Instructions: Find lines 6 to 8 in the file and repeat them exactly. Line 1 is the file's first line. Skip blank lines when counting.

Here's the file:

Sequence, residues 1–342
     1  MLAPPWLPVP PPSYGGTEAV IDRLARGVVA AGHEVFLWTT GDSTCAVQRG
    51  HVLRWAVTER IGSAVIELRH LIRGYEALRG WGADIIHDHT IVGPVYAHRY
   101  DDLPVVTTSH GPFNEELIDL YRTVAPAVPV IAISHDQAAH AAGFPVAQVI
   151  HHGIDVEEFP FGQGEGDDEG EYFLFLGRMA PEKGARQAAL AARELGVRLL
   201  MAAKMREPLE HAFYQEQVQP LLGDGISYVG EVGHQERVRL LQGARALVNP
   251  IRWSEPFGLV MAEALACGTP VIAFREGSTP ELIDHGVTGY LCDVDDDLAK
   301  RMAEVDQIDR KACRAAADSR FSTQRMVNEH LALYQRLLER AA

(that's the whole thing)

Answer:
   201  MAAKMREPLE HAFYQEQVQP LLGDGISYVG EVGHQERVRL LQGARALVNP
   251  IRWSEPFGLV MAEALACGTP VIAFREGSTP ELIDHGVTGY LCDVDDDLAK
   301  RMAEVDQIDR KACRAAADSR FSTQRMVNEH LALYQRLLER AA